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Tony Smith

On View
Jun 4 – Jul 16, 2022
Los Angeles
 
Exhibition Details:

Tony Smith
Jun 4 – Jul 16, 2022

Gallery:

1201 South La Brea Avenue
Los Angeles

Press:

Press Release

Connect:

@pacegallery
@tonysmithfoundation

Above: Tony Smith, For J.C., 1969 © Tony Smith/Artist Rights Society (ARS), New York

Pace is pleased to present an exhibition of work by American sculptor Tony Smith, who imbued minimalist structures with spiritual import, at its new West Coast flagship in Los Angeles.

Marking the gallery’s second presentation at its recently opened space, the show brings together sculptures and paintings created over the course of two decades, focusing on the organic forms that constitute much of Smith’s work.

Though he would become widely known for his sculptures, Smith began his career as an architect, working with Frank Lloyd Wright on Usonian homes and other projects in the late 1930s and early 1940s. The artist worked as an independent architectural designer before developing his prolific sculptural practice in the mid and late 1950s.

Smith often drew inspiration for his dynamic geometric abstractions from phenomena in the natural world. Through his artworks, Smith investigated the formal possibilities of crystalline structures, including octahedrons and tetrahedrons. Embracing the imaginative effects of chance and chaos, the artist produced sculptures that forged a new language of abstraction amid the rise of Minimalism. Deeply engaged with architecture, science, mathematics, and philosophy, Smith’s works propose new modes of understanding and experiencing their surrounding environments. “I view art as something vast,” Smith said in a 1966 interview with Artforum, adding, “I’m interested in the inscrutability and the mysteriousness of the thing.” Pace maintained a long relationship with Smith during his lifetime, and it began representing the Tony Smith Estate in 2017.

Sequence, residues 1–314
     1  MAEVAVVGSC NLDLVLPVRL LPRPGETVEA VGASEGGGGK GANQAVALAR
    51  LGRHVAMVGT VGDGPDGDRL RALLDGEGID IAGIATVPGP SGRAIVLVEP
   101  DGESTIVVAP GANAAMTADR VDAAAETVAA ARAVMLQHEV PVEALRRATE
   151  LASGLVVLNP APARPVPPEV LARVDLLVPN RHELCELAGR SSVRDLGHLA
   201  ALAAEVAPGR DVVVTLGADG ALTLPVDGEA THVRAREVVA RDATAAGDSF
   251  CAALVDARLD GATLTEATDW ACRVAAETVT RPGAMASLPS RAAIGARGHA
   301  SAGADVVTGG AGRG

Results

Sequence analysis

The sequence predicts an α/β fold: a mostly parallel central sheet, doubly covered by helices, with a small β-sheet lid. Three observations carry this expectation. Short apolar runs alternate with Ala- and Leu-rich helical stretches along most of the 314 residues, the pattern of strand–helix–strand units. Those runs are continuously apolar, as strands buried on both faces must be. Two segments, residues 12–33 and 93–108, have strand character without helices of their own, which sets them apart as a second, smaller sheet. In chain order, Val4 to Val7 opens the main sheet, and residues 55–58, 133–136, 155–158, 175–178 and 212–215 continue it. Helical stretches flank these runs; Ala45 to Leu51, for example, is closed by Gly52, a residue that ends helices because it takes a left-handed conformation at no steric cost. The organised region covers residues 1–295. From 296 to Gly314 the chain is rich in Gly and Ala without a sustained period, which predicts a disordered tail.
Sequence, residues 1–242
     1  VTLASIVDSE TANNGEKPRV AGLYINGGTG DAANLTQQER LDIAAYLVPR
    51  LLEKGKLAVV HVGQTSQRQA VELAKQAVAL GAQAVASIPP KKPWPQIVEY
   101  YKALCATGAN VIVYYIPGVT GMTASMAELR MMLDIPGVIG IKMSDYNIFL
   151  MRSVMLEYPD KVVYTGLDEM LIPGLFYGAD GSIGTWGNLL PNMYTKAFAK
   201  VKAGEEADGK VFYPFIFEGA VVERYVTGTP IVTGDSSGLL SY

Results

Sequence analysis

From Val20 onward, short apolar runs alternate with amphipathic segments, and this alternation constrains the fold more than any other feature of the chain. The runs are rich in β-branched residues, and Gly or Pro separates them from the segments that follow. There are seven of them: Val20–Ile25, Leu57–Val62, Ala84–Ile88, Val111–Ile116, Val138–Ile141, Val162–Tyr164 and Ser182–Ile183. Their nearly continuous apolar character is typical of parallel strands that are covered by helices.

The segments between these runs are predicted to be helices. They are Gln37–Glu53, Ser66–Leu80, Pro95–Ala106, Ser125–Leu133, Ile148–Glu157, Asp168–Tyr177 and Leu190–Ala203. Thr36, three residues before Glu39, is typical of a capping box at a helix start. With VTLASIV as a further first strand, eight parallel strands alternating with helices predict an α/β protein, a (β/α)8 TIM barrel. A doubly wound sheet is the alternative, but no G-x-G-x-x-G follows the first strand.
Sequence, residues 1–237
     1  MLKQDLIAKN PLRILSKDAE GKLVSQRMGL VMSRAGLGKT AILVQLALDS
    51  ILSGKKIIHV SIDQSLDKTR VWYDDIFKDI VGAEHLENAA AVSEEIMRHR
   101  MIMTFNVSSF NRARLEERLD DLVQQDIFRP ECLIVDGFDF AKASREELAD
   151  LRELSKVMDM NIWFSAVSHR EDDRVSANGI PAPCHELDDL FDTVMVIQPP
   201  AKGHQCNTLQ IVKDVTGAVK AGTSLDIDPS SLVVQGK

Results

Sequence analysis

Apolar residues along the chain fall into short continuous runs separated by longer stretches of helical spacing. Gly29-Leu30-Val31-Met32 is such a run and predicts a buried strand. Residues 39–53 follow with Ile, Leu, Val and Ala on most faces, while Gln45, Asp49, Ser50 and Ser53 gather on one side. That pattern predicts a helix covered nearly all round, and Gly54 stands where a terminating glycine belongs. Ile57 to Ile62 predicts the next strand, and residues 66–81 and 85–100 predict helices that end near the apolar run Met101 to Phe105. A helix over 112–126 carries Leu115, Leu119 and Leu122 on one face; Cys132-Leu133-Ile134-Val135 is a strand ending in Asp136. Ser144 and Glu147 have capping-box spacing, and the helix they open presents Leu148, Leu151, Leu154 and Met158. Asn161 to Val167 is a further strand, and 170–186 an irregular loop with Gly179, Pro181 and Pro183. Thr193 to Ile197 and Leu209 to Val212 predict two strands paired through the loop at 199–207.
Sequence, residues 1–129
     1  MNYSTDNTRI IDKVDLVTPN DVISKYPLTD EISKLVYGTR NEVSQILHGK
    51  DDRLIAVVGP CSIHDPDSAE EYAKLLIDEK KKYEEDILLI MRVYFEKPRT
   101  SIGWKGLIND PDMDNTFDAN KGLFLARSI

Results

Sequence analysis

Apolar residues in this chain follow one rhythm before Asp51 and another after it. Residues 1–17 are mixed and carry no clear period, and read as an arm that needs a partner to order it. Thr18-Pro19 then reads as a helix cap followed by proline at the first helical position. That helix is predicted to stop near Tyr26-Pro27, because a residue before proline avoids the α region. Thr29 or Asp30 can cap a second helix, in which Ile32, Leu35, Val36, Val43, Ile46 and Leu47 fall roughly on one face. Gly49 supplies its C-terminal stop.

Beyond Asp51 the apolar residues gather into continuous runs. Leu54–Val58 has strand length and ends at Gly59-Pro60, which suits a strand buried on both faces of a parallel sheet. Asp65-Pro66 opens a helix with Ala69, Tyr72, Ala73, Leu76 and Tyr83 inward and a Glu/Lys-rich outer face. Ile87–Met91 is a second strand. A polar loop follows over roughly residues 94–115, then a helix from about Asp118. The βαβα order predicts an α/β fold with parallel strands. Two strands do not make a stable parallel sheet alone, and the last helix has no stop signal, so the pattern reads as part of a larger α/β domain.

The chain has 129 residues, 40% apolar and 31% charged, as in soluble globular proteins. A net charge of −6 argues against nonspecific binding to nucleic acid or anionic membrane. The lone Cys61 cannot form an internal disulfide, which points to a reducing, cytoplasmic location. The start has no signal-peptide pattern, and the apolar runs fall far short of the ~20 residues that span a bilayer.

At Pace’s Los Angeles gallery, the architecture of which features a unique integration of natural light and indooroutdoor space, Smith’s sculptures will take on new associations and meanings. The exhibition will showcase both small- and large-scale works, including four sculptures from the artist’s For series. Smith began work on the series while teaching at the University of Hawaii in summer 1969. He dedicated the nine welded bronze and black patina sculptures in this body of work to nine friends, several of whom were his colleagues in Hawaii. The titles of these works incorporate the initials of the individuals for whom they are named.

Art historian, critic, and curator Jean-Pierre Criqui once wrote of the For series, “From the twin parallelepipeds of For W.A. to the complex, unpredictable, and nearly impossible to memorize structure of For J.C., [Smith’s] entire method of formal elaboration can be retraced.”

As part of the exhibition at Pace in LA, Smith’s cast bronze and black patina sculpture Smug (1973) will be on view in the gallery’s expansive courtyard. With interlocking, layered abstractions that speak to miraculous dynamism and synergy present in natural forms, Smug reflects the compositional and technical virtuosity of the artist’s practice. Like the other sculptures in the show, Smug is a work of transfiguration, revealing new geometries and structures to viewers as they walk around and experience the work. The paintings in the exhibition complement the sculptures on view, shedding light on the ways that the artist’s two- and three-dimensional investigations of geometry and abstraction informed one another.

 

Featured Works

Tony Smith, For P.C., 1969, welded bronze, black patina, 5' 5" × 6' × 5' 9" (165.1 cm × 182.9 cm × 175.3 cm)
Tony Smith, For J.C., 1969, welded bronze, black patina, 6' 8" × 6' 8" × 4' 9" (203.2 cm × 203.2 cm × 144.8 cm)
Tony Smith, For D.C., 1969, welded bronze, black patina, 2' 9" × 13' 4" × 6' 8" (83.8 cm × 406.4 cm × 203.2 cm)
Tony Smith, For V.T., 1969, welded bronze, black patina, 2' 4" × 4' 8" × 7' (71.1 cm × 142.2 cm × 213.4 cm)
 

Installation Views

 
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About the Artist

Tony Smith is considered his process to be intuitive, his work resting close to the unconscious and exploring themes of spirituality and presence in a synthesis of geometric abstraction and expressionism. He studied painting at the Art Students League, New York (1934–36) and attended the New Bauhaus, Chicago (1937–38), before apprenticing with Frank Lloyd Wright (1938–39).

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